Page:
While in most other games it is possible to start dabbling around with alternate classes whenever you level up, in Through the Breach, part of each gaming session is actually determining what Pursuit you would like to be working as for that particular adventure. Seems like you’re going to be investigating some supernatural murders? Maybe your party will be Academics and Dabblers (the Malifaux version of a mage). Figure you’ll get caught up in an old-fashioned gun fight to rescue some settlers from bandits? Maybe go for some of the more straight forward fighting pursuits, like Gunfighter or Scrapper.
Wyrd Through the Breach: Setting Up A Session
As players will obviously need to have an idea of what they’ll be doing in a given play session, the blueprint for adventures is designed to grant them the information needed. While they are referred to as “sessions”, it is possible that one could last more than one night, depending on how much time your group likes to spend eating junk food and yelling at each other.
Each small adventure is normally focused on a single Fated character’s next Destiny Step, one of a series of cryptic glimpses into their future generated as part of character creation. The first part of the session is the prologue, a more role playing focused sequence where cards are not actually drawn from the Fate Deck. Game masters can use this sequence to show players what sort of adventure they’re about to go on, perhaps having a local damsel approaching them to ask their help saving her family, or the group having a good time at the opera when suddenly one of the actors falls over dead from poisoning. Players can explore the area and speak to NPCs to try and gather information they might need, with play being restricted to narrative interactions.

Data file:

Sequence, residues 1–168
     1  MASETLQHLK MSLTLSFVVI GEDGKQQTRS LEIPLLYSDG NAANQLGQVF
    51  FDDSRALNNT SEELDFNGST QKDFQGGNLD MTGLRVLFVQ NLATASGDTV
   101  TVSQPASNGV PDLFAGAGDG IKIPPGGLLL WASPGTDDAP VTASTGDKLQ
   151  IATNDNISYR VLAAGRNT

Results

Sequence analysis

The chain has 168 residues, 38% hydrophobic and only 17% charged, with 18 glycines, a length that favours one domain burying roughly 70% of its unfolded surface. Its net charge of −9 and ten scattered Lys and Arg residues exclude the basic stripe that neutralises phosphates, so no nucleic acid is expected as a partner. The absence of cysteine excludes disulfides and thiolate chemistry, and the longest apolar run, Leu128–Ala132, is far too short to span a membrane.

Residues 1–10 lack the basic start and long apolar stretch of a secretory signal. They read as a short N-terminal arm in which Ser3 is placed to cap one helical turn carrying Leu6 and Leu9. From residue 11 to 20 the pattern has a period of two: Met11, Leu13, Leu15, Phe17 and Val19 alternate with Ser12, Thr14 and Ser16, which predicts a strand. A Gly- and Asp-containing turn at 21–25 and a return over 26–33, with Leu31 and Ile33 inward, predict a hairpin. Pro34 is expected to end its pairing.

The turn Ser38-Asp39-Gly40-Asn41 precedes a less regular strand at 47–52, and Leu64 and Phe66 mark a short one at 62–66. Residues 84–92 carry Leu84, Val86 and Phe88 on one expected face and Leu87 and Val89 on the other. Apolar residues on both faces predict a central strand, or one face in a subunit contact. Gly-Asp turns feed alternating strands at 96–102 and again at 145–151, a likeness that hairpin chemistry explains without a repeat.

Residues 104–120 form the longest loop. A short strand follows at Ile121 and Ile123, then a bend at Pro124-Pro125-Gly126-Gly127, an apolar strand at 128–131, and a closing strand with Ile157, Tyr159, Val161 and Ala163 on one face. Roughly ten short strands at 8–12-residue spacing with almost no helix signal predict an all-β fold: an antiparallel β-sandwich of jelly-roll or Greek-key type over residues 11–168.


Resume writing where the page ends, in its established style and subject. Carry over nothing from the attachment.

At the end of the prologue, players decide what pursuit they will be using for the rest of the session, and the game becomes a more familiar process: exploring, puzzle solving, and shooting their way to the resolution of what the GM has written for them.
The Destiny Steps generated for characters does present an interesting wrinkle in the normal pursuit of a game master. As each adventure is supposed to be overall about a randomly generated fortune given to one of your players’ character, there is inherently a need for more customization in adventures, even when using one of the premade adventures released by Wyrd. As such, it might be a good idea for more experienced GMs to take the first crack at running adventures for your group.
Wyrd Through the Breach: An Innovative Steampunk Tabletop RPG
Overall, Through the Breach seems like an innovative and well-made game. I’m not a fan of steampunk in general, so I’m not sure if the Malifaux setting is a very original take on the genre, but the well fleshed out backstory presented in the Core Rules seems like an interesting portfolio from which to pull characters and adventure backdrops.
There are several different books of rules available for the game, but if you want to give it a try, just the Core Rules book should be more than enough for your play group to get into a few adventures. You can buy one of their specially printed decks of cards, but the rules have an easy way to translate the special Fate suits over to the suits of a normal deck of cards, so you can play with a $2 set from Wal-Mart. Just make sure you can tell your two jokers apart!
[Discloser: Wyrd Games provided Nerds on Earth a copy of the Through the Breach Core Rules for review.]